Tuesday, 29 November 2016


Volume and Pressure Correction By Van der Waals's Equation

     Van der Waals pointed out that both volume and pressure factors in ideal gas equation needed correction to make it applicable to the real gases.
Volume Correction
(i) Compression of a Gas: When a gas is compressed, the molecules are pushed so close together that the repulsive forces operate between them. When pressure is increased further, it is opposed by the molecules themselves. Actually, the molecules have definite volume, no doubt, very small as compared to the vessel, but it is not negligible.
(ii) Van der Waals' Postulate: Van der Waals postulated that the actual volume of molecules can no longer be neglected in a highly compressed gas. If the effective volume of the molecules per mole of a gas is represented by b, then the volume available to gas molecules is the volume of the vessel minus the volume of gas molecules.
Vfree = Vvessel - b (where Vfree is the volume available to gas molecules)
(iii) Excluded Volume "b": The volume of a gas which is occupied by 1 mole of gas molecules in highly compressed state, but not in the liquid state, is called excluded volume or effective volume or incompressible  volume (b). It is a constant and characteristic of a gas. It value depends upon the size of the molecules. It is also a Van der Waals constant. It is not equal to the actual volume of gas molecules. In fact, it is four times the actual volume of molecules.
b = 4Vm (where Vm is actual volume of one mole of gas molecules. 
Pressure Correction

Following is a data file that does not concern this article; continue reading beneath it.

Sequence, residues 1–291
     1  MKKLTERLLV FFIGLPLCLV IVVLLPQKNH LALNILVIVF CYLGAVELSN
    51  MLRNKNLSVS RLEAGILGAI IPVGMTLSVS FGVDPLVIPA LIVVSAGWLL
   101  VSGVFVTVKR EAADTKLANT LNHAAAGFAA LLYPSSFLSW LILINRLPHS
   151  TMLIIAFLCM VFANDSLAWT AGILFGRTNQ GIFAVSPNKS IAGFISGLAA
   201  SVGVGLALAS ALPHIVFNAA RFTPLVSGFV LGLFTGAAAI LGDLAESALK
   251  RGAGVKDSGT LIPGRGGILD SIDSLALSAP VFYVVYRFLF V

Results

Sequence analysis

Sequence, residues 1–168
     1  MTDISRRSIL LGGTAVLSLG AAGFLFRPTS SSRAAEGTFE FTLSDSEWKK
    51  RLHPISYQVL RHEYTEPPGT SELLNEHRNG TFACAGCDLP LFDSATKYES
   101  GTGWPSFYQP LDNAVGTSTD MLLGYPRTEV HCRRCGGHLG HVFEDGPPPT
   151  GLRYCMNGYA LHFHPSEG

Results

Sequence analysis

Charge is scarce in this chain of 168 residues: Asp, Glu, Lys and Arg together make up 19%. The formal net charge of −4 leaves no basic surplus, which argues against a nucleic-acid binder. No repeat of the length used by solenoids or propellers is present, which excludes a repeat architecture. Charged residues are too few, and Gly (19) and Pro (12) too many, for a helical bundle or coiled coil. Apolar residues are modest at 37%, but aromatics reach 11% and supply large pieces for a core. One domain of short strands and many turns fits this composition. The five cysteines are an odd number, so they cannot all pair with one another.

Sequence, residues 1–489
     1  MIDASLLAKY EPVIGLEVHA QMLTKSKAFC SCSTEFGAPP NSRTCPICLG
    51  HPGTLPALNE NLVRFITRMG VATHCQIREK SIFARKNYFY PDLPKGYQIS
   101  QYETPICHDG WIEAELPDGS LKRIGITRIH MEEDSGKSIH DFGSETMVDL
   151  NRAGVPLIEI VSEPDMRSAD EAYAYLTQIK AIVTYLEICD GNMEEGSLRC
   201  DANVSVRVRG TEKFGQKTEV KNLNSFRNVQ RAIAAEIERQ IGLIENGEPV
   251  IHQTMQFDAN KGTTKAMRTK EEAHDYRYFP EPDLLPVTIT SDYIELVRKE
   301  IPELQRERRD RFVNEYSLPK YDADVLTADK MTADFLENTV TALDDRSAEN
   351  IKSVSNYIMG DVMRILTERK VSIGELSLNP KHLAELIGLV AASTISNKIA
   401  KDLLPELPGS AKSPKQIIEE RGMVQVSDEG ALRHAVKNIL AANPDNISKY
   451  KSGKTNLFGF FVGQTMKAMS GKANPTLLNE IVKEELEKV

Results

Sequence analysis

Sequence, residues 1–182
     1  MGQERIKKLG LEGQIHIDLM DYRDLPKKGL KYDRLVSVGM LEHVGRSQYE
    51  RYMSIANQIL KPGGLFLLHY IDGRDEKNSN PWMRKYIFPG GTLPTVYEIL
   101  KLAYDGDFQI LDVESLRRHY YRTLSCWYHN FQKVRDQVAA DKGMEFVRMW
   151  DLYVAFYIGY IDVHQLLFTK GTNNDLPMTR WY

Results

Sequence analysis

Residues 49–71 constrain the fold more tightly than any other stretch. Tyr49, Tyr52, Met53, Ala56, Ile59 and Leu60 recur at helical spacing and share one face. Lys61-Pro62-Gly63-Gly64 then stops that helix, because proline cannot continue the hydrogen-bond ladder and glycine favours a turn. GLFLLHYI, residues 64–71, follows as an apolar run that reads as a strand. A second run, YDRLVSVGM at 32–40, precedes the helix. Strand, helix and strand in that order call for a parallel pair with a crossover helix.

(i) Attraction Between Molecules: A molecule in the interior of a gas is attracted by other molecules on all sides, so these attractive forces are cancelled out. However, when a molecule strikes the wall of a container, it experiences a force of attraction towards the other molecules in the gas. The decreases the force of its impact on the wall.
(ii) Pressure on the Wall of Container: Consider a molecule "A" which is unable to create pressure on the wall due to the pressure of attractive forces due to "B" type molecule. Let the observed pressure on the wall of the container is "P". The pressure is less than the actual pressure Pi by an amount P'. So,
P = Pi - P'
Where Pi is the true kinetic pressure, if the forces of attraction would have been absent. P' is the amount of pressure lessened due to attractive forces. Ideal pressure Pi is;
Pi = P + P'     ..... (i)
It is suggested that a part of the pressure "P" for one mole of a gas used up against inter-molecular attractions should decrease as volume increases.  
(iii) Value of P': The value of P' in terms of a constant "a" which accounts for the attractive forces and the volume V of vessel can be written as:
P' = a/V² ..... (ii) 
Greater the attractive forces among the gas molecules, smaller the volume of vessel, greater the value of lessened pressure P'. "a" is a coefficient of attraction or attraction per unit volume. It has a constant value for a particular real gas. 
(iv) Value of Pi: Putting the value of P' from equation (ii) into (i)
Pi = P + a/V²
(v) For One Mole of a Gas:
(vi) For "n" Moles of a Gas
     This is called van der Waals's equation. "a" and "b" are called van der Waals's constants. 
(vii) Common and SI Units of "a" and "b"

No comments:

Post a Comment